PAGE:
The point I am making, I hope, is that there are at least two different ways of looking at the same phenomenon, and at least two different ways of labeling it. Let me demonstrate that by comparing the CBC Newspeak in your letter with language that reflects a different perspective

(1a) CBC Newspeak:

“As the population in the Maritime provinces and Newfoundland-Labrador stagnates or declines ..”

(1b) Alternative Language:

“As the population in the Maritime provinces and Newfoundland-Labrador continues to enjoy stability or decline, thereby relieving pressure on landfills, sewage treatment, wildlife, infrastructure and natural resources and improving the quality of life, immigration is…. (alternative language statement below)

(2a) CBC Newspeak:

“…immigration is sometimes held up as a solution.” (solution was not in quotes).

(2b) Alternative Language:

“…immigration is sometimes seen as a solution to a perceived problem, as yet undocumented.”

(3a) CBC Newspeak:

“His point was that the number of non-White residents was far lower—and the attraction/retention of immigrants far worse­than the previous guest’s impression.”

(3b) Alternative Language:

“His point was that the number of non-White residents was far lower—and the attraction/retention of immigrants far less—than the previous guest’s impression.

(4a) CBC Newspeak:

“..we continually aim to reflect the evolving and diverse make-up of the country.”

(4b) Alternative Language:

“…we continually aim to reflect the evolving and culturally fragmented make-up of our disintegrating country of increasing co-habiting solitudes.

Two more comments, if I may. I am puzzled why immigrants would feel repelled by the colour of Maritimers’ skin, for two reasons. Firstly, one would think that before coming to this country they would be acquainted with the fact that more than 80% of us had skin of that colour, and if you feel uncomfortable with that fact, well, Canada in general would seem not to be the ideal destination to build a new life.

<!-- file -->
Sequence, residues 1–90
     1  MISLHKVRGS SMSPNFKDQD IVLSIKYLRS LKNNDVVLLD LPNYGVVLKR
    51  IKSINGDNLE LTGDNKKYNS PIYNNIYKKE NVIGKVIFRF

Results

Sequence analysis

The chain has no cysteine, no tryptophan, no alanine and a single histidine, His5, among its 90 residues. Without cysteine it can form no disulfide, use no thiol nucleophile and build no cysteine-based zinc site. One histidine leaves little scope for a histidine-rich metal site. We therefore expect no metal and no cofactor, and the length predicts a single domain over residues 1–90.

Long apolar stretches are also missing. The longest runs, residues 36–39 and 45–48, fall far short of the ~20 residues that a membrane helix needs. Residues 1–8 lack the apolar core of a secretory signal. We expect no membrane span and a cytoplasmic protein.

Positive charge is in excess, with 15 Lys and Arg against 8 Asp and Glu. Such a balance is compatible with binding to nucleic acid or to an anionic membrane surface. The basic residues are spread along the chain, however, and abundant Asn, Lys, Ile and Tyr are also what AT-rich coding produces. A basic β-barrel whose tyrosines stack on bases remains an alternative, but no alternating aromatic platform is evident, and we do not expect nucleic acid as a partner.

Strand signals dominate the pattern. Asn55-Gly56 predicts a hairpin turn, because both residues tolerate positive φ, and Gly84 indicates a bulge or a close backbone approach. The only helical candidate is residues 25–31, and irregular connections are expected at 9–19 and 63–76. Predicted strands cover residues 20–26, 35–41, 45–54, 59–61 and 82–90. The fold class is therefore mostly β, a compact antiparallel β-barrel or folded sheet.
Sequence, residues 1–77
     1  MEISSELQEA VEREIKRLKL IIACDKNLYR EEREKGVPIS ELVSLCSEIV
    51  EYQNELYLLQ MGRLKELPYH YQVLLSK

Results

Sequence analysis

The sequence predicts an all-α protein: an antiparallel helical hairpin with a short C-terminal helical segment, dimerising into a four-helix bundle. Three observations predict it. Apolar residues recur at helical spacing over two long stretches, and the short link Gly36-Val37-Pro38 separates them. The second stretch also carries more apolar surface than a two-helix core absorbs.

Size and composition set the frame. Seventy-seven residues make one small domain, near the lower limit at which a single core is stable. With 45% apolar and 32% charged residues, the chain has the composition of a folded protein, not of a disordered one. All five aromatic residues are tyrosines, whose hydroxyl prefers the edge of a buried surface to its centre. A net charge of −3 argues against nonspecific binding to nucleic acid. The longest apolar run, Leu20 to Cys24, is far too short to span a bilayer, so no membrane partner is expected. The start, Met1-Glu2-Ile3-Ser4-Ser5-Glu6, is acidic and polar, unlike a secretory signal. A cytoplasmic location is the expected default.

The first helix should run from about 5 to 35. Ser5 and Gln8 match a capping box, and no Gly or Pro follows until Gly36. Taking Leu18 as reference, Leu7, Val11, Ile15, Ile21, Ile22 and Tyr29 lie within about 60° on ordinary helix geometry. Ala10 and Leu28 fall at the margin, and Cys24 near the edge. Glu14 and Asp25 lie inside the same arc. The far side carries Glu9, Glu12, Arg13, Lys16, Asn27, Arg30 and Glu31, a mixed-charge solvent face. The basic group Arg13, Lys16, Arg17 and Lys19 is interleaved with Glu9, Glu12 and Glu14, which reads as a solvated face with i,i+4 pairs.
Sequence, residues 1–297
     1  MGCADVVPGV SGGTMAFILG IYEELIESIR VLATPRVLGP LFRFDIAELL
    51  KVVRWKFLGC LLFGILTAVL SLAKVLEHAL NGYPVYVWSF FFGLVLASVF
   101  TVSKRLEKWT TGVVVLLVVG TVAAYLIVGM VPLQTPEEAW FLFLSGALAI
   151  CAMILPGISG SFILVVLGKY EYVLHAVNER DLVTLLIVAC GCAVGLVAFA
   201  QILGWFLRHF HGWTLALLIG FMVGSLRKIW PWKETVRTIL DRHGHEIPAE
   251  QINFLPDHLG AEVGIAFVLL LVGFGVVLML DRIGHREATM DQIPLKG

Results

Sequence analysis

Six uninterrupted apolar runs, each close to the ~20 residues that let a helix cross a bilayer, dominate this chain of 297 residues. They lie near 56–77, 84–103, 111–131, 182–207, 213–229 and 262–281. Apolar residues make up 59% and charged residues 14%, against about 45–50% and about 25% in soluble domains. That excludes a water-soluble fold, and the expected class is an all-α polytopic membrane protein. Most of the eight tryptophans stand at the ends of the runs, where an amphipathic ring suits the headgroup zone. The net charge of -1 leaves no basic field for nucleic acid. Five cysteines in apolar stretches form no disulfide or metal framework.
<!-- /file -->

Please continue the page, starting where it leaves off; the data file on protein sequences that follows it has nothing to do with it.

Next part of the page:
Secondly, I was of the impression that people of any colour felt at home, not with a colour, but with a culture. I don’t quite understand why a dark man from Malta would be more at ease among dark men in Montreal who spoke French and ate differently than with a white Anglophone in Charlottetown. I feel less in common with white South Africans than the Filippinos that I socialized with in Vancouver. The race/colour vs. culture/ethnicity dichotomy is often used interchangeably and I think muddies the waters. It is a matter of complete indifference to me that “white Canada” is “well represented” on your program because that entity is neither ethnically or ideologically homogeneous so I wouldn’t know what segment of this demographic was being represented. You might as well represent south-paws “very well”.

Finally, you mention that it is your endeavour to reflect “the diverse make-up of the country.” Does the CBC aim merely to represent a diversity of people or does it want to do something more critically important in a democracy, represent a diversity of ideas?

Does it merely want to have a group of people of different colours and ethnicities sitting around together with Mark Kelly spouting the same politically correct line? A rainbow coalition of Group-Think?

Or does the CBC aspire to follow the BBC’s mission statement: “to see that each strand of thought in the land is faithfully represented”, even though that strand might say that it is a good thing that Newfoundland remains a Celtic society with a stable population?

So far listeners have never heard a CBC broadcast that has spoken of the positives of a lower population level, even though opinion polls evidence support for that goal. Instead, when the census was released in mid-March of last year and showed Canada as having the highest growth rate of G8 countries, the Mother Corporation led the cheer-leading section.

The issue is bias, Ms. Simon. Racial, ethnic, ideological—-it is something a state broadcaster must surely strive to eradicate.

Tim Murray,
Quadra Island, B.C.